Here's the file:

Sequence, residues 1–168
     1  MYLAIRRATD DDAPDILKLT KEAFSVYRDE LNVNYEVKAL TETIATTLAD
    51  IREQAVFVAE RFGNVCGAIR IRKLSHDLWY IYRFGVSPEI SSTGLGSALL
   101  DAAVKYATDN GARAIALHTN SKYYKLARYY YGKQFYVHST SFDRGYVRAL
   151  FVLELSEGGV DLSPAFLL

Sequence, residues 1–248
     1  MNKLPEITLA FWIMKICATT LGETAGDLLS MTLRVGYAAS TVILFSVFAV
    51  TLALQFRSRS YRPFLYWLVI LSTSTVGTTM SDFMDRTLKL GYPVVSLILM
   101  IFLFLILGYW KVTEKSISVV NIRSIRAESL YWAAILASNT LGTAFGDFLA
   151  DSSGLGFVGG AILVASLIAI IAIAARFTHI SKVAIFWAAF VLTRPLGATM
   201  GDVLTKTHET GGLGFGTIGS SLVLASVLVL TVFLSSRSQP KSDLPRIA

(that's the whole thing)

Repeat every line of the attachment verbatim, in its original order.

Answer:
Sequence, residues 1–168
     1  MYLAIRRATD DDAPDILKLT KEAFSVYRDE LNVNYEVKAL TETIATTLAD
    51  IREQAVFVAE RFGNVCGAIR IRKLSHDLWY IYRFGVSPEI SSTGLGSALL
   101  DAAVKYATDN GARAIALHTN SKYYKLARYY YGKQFYVHST SFDRGYVRAL
   151  FVLELSEGGV DLSPAFLL

Sequence, residues 1–248
     1  MNKLPEITLA FWIMKICATT LGETAGDLLS MTLRVGYAAS TVILFSVFAV
    51  TLALQFRSRS YRPFLYWLVI LSTSTVGTTM SDFMDRTLKL GYPVVSLILM
   101  IFLFLILGYW KVTEKSISVV NIRSIRAESL YWAAILASNT LGTAFGDFLA
   151  DSSGLGFVGG AILVASLIAI IAIAARFTHI SKVAIFWAAF VLTRPLGATM
   201  GDVLTKTHET GGLGFGTIGS SLVLASVLVL TVFLSSRSQP KSDLPRIA